Weekend Reading: Family Tax Cut Edition

Big news out of Ottawa this week as the Harper regime unveiled its long-awaited (and controversial) plan for family income-splitting.

The Conservatives announced that couples with children under 18 will be allowed to transfer up to $50,000 in income from the higher earner to the lower earner in the form of a non-refundable federal tax credit that’s capped at $2,000.

Other measures will be implemented starting in 2015.  The means-tested Child Tax Credit will be scrapped in favour of an enhanced Universal Child Care Benefit – one that will pay $160 per month for children under 6, and $60 per month for children aged 6-17.

Are you in favour of these new tax cuts?  Will they benefit you and your family?  Let us know in the comments.

This week’s recap:

Last Friday, Sandi Martin wrote about budgets, cash flow, and spending.

On Monday we asked 15 personal finance experts to share their thoughts on borrowing to invest.  Stay tuned for part-two of that series next week.

On Wednesday, Marie asked if a do-it-yourself will is ever appropriate.

Weekend Reading

PWL Capital’s Justin Bender launched a new blog called Canadian Portfolio Manager which is aimed at DIY investors and advisors.  It looks like a great resource for model portfolios, rate of return calculators, and a ton of market data.

Bell Media announced a new streaming service that will include access to HBO’s entire library of television shows, documentaries, and comedy specials.

The credit card industry is headed for some turmoil, according to this blog post.  That’s because federal Finance Minister Joe Oliver asked Visa and MasterCard to voluntarily lower its interchange fees or face the risk of regulation.

Rob Carrick explains why Canada needs to update its RRIF withdrawal rules.

John Heinzl answers a question from a reader: Should I bank on an all-bank portfolio?

A former Wall Street broker explains why he got fed up and left that part of the financial services industry.

Dan Bortolotti describes the advisor six-pack: a hodgepodge of mutual funds thrown together without a coherent strategy.

Michael James on Money revealed his asset allocation.

Ben Carlson had a smart post all about words and phrases that should be banished from finance.

Adam Mayers looks at the coming health benefits shock for retirees.

Financial Uproar says credit card hacking isn’t all it’s hacked up to be.

Sheryl Smolkin explained why using Aeroplan points didn’t add up for her.

Happy Halloween, everyone!

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  1. Robert on October 31, 2014 at 5:56 am

    The war on single people continues. It is a demented bias toward people that fit Harper’s definition of an acceptable family. It forces single parent families to subsidize 2 parent families. I raised my kids as a single parent and would not have benefited simply because my wife deserted the family. (The same can be said for the ridiculous income splitting for retirees. If you are fortunate enough to have a partner you are granted this morality bonus.)

  2. Mike Wong on October 31, 2014 at 6:26 am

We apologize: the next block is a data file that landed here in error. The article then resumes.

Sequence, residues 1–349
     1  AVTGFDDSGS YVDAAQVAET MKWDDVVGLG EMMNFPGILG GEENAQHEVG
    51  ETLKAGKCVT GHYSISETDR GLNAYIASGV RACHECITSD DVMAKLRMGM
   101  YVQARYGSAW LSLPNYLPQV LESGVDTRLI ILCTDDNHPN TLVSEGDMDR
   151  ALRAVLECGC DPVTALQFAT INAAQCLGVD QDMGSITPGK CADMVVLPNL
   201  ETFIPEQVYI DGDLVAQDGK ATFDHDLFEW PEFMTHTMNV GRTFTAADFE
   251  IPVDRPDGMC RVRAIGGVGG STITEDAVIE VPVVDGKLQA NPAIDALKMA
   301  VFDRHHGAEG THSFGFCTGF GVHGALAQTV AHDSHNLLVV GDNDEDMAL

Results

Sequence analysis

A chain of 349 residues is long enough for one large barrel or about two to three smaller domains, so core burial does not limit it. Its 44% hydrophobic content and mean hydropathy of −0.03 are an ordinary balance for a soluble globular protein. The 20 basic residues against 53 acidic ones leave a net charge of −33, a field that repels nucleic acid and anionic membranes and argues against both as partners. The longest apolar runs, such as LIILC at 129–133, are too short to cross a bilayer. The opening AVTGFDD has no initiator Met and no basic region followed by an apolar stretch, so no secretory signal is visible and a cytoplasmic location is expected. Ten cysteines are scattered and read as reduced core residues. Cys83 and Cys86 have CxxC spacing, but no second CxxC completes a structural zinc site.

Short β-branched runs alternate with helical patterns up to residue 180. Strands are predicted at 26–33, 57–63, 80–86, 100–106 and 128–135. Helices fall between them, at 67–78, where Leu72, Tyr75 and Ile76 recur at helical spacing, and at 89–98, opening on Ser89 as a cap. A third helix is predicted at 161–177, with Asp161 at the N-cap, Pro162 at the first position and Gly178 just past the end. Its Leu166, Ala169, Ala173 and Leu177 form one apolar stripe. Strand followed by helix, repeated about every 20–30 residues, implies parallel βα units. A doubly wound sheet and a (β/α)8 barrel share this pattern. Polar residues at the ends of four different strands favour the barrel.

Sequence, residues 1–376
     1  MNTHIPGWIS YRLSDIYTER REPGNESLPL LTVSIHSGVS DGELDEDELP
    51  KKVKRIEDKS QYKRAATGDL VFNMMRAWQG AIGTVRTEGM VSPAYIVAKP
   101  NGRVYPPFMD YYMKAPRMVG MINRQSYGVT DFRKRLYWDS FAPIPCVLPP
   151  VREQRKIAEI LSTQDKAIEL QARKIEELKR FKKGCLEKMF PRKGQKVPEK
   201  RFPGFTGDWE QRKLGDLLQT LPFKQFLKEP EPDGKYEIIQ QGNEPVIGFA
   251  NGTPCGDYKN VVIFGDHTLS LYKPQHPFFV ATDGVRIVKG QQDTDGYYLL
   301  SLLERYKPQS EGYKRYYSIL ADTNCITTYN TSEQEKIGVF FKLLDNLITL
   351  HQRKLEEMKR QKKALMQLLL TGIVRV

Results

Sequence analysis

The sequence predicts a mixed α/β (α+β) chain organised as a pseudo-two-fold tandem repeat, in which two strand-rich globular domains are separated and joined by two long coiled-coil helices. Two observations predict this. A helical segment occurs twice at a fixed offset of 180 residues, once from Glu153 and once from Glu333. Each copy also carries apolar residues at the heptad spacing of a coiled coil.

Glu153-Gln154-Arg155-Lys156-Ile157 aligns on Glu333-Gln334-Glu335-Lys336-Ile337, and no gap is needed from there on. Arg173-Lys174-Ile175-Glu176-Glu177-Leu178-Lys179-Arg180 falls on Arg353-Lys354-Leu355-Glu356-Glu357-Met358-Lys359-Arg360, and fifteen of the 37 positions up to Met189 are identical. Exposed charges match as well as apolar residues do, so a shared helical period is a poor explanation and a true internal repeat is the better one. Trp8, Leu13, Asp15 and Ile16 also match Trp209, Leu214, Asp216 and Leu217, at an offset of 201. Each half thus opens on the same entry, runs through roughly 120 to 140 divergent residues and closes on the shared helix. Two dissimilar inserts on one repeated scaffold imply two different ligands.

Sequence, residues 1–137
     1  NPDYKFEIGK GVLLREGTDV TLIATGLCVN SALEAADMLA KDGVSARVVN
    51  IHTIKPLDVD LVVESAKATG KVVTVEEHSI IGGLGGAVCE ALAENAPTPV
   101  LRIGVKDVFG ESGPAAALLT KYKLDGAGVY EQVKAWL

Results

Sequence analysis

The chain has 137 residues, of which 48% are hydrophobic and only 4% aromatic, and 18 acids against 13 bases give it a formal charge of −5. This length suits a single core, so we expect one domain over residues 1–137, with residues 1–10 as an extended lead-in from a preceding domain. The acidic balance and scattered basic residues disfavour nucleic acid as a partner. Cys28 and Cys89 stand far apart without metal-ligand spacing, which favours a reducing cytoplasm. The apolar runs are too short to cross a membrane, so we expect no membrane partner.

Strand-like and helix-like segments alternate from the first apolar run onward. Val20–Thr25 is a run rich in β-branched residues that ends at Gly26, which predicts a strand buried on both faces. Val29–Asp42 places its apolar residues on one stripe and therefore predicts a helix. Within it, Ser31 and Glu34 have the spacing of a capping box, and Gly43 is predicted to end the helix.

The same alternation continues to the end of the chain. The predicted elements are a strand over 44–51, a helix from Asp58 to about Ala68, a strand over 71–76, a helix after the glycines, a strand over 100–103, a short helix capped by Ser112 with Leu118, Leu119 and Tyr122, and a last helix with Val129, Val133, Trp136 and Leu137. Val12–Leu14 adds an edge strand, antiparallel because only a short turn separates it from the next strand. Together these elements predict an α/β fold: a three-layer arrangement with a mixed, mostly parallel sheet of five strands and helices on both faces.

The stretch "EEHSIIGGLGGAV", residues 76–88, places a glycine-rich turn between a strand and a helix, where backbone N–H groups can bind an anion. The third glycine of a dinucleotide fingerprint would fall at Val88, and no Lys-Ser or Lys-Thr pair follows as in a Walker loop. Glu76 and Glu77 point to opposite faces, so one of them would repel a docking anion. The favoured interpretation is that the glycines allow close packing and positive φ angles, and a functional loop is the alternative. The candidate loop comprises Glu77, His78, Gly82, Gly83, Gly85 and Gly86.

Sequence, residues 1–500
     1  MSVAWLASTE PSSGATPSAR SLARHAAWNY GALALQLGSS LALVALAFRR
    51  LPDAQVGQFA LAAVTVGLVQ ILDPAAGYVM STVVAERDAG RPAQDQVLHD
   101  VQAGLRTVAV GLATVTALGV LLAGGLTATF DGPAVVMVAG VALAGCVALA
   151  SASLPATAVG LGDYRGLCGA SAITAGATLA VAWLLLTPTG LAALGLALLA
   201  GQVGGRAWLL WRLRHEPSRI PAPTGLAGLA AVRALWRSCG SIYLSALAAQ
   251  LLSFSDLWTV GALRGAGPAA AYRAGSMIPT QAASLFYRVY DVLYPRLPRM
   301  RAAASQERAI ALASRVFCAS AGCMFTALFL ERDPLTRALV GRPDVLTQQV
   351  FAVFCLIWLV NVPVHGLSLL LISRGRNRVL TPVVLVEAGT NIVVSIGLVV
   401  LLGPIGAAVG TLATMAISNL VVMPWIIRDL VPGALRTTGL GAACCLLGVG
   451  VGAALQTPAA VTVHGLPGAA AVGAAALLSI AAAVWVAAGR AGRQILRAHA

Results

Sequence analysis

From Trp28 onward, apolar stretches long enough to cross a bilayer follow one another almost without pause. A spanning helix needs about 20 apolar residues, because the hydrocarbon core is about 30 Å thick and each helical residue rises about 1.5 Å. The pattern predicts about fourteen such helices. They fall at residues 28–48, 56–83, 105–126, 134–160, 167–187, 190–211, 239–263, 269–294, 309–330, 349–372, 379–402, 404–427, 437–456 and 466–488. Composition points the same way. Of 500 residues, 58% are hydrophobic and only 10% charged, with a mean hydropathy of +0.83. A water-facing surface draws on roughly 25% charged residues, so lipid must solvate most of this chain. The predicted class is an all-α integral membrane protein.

I am not for more tax cuts with our own money.
    Cutting the GST was a bad idea and it continues.

    Funding for more education should be the first priority, then building out the infrastructure and social welfare spending.

    Paying off the debt is another priority.

    Investing for the future is not tax cuts that starve off other programs for the building of the country.

    I wish they had a better plan for the country.

    Look at the US, if tax cuts were the answer they would win hands down.

  3. Michael James on October 31, 2014 at 7:56 am

    My kids are too old for me to get any of the new money. That’s OK, though. I can always save on taxes by not working any more.

  4. schultzter on October 31, 2014 at 7:57 am

    PWL Capital’s Research Department is a great resource. I hope their blog expands on that.

  5. Sheryl Smolkin on October 31, 2014 at 10:07 am

    Thanks for the mention Rob. Have a great weekend.

  6. Tawcan on October 31, 2014 at 11:26 am

    I don’t understand how the Conservatives can keep a balance budget with these tax cuts and added benefits. Seems to be it’s a vote grab move by them. I do, however, like the fact that we’ll be getting a little bit more money for our son.

  7. Justin Bender on October 31, 2014 at 3:41 pm

    Thank you for the mention, Robb. Hopefully Canadian investors and advisors will find the new blog useful.

  8. Sean Cooper, Financial Journalist on October 31, 2014 at 8:43 pm

    I agree with the late, great Jim Flaherty that income splitting is bad public policy. A tax policy that only benefits a small segment of the populatio is only designed to act as a wedge issue come the 2015 federal election. Don’t forget this is same the government that cut door-to-door mail delivery! I would have much rather seen a reduction in taxes at the lower marginal tax rates.

  9. KC on November 3, 2014 at 12:08 pm

    Once again, the single folks get hosed. If I was the PM, I’d be taking that surplus and making extra debt payments. THAT is how you would win my vote.

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